He was the one who put me on gabapentin in the first place. This is one of the rare drugs that actually did anything for me before pregabalin was even on the market. It was not on PBS back then, so I had to pay full-price for it (back in 2001-2002 was $287 each prescription!). This huge expense really limited my ability to really use this drug in its therapeutic dose. That is an insight into the sometimes cruel world of pharma politics - if it's prescribed “off-label” and therefore is not subsidised; people who cannot work  cannot pay the full price and often miss out on the benefits of a medication that could actually enable them to return to work in the first place. Under Workers Comp., the insurer may have covered the costs, but I still needed to have the cash to pay for it to begin with, and to be able to do without that money for weeks before they actually got around to reimbursing it. Pregabalin came on the market later, in 2005 or so; and has since been listed under PBS, as is the generic gabapentin. Times change.

Effective treatment options are better now, but still mainly limited. Medications to control pain, intensive physical/occupational therapy, mirror box and graded motor imagery, and psychological CBT and rehabilitation programs. Progressing to the more invasive nerve blocks, ketamine infusions (which are uncommon) and spinal cord stimulators.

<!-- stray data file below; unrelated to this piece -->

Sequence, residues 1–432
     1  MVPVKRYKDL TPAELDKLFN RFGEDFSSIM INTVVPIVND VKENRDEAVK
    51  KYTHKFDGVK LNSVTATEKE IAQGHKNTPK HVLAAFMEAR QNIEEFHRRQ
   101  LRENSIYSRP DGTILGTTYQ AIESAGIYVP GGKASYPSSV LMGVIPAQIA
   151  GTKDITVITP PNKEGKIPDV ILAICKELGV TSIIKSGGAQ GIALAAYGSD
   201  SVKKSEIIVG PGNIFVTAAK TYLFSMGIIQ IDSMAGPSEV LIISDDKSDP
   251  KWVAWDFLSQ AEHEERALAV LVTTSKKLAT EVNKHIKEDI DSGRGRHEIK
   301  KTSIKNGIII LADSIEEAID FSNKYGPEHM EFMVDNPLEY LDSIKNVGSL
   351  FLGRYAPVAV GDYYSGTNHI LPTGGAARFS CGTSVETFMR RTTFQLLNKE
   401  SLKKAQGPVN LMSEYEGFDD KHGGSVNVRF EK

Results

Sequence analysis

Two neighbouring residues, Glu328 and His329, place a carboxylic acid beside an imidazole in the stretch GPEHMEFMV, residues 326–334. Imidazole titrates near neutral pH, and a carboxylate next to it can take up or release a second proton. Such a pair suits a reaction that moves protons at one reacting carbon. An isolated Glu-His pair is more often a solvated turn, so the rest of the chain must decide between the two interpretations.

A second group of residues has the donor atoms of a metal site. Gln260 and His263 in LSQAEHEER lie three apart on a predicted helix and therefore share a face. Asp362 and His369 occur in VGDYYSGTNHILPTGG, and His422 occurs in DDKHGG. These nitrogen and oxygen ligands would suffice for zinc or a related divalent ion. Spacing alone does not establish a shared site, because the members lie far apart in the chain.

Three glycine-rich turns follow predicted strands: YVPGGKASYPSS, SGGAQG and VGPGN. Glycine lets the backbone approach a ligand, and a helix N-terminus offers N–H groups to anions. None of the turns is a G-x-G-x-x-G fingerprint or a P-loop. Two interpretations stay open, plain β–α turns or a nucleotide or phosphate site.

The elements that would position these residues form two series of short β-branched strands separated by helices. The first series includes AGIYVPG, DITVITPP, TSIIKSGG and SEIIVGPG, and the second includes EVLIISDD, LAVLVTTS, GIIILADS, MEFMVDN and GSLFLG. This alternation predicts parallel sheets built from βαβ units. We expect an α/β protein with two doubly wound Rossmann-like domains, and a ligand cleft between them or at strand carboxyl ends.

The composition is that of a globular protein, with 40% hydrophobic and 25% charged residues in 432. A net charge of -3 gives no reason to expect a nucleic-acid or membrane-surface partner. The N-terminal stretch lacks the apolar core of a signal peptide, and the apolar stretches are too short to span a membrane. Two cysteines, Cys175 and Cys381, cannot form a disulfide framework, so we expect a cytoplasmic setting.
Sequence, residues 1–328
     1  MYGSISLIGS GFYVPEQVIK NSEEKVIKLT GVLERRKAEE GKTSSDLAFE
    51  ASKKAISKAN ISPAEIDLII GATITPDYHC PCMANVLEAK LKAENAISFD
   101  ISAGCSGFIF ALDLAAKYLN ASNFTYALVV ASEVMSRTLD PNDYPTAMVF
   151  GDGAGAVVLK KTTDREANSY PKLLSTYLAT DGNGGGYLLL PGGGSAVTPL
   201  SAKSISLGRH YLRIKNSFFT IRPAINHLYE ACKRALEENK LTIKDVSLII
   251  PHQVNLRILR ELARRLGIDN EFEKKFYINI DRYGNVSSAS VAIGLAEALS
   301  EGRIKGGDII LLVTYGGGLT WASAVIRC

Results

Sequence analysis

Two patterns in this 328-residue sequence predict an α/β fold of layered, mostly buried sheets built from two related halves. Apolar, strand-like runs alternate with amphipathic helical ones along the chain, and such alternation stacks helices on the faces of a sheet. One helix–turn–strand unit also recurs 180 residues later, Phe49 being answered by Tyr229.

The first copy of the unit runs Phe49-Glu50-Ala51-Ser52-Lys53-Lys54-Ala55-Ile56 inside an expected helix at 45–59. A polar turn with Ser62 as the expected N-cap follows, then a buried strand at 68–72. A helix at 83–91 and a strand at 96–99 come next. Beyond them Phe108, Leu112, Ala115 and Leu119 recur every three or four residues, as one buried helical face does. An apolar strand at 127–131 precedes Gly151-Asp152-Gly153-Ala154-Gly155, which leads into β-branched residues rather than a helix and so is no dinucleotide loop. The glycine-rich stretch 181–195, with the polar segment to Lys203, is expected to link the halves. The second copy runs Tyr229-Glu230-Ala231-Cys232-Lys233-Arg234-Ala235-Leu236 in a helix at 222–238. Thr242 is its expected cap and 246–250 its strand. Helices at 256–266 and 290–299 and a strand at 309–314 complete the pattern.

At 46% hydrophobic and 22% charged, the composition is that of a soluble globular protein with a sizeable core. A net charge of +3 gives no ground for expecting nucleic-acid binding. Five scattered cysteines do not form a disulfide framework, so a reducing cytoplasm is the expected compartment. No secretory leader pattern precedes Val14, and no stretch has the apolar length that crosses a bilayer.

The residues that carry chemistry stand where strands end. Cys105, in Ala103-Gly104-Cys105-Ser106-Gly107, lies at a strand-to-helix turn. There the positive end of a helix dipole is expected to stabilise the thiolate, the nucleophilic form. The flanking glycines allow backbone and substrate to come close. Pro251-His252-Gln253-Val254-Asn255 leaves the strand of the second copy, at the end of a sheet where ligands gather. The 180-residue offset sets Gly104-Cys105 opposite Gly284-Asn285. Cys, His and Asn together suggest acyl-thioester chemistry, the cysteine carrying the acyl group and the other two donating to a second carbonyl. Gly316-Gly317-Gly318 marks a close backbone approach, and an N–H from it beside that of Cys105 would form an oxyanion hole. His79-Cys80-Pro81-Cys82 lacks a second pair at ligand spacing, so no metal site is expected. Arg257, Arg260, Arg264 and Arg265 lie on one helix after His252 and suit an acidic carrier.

Spinal cord stimulators are something I will go into further in a future post. However, they have a strict selection criteria in order to qualify for a trial stimulator. Unless the Pain is reduced by more than 50%, the trial leads will be removed and they will not go ahead implanting the full device. It is very expensive; involves numerous hospital stays with normal risks associated with any surgical procedures as well as higher risks involved with CRPS. It is a bit of a 50/50 chance it is even effective, but if does work, it can significantly improve the quality of life for people whose CRPS hasn't responded to any other treatments. It's a personal choice, not everyone is comfortable with the idea of it and may not be appropriate for some people.

Treatment is certainly not the same for each CRPS patient, but each needs to have a multidisciplinary approach in order to have the best possible chance. The reality is that some people improve and go on to lead normal lives; while others do not and go on to experience significant Pain, disability and associated depression, as well as inability to work or function independently in society. The longer it lasts, the poorer the outcome and quality of life. The Dutch method, using the free-radical scavengers is certainly an innovative approach in the acute stages that may really revolutionise how it's treated in those crucial early stages. Maybe it can prevent the problems that crop up in later stages and vastly improve the outcomes. That lottery I mentioned – knowledge being multiple tickets; being able to prevent the progression could be like having the psychic ability to predict the first few numbers that will be drawn!

Perhaps one day soon, cases of full-blown chronic CRPS will become a thing of the past. Maybe there will also be a cure for, what depressingly was noted in a recent report: “chronic end-stage CRPS”. It really makes me hopeful and optimistic for a different future for people like me who live with CRPS and whose lives are so drastically altered by it.

Who knows, maybe I should keep my ice-skates and favourite high-heels around, just in case... Some day, I may be dancing again! 

1 comment:

  1. Excellent Post !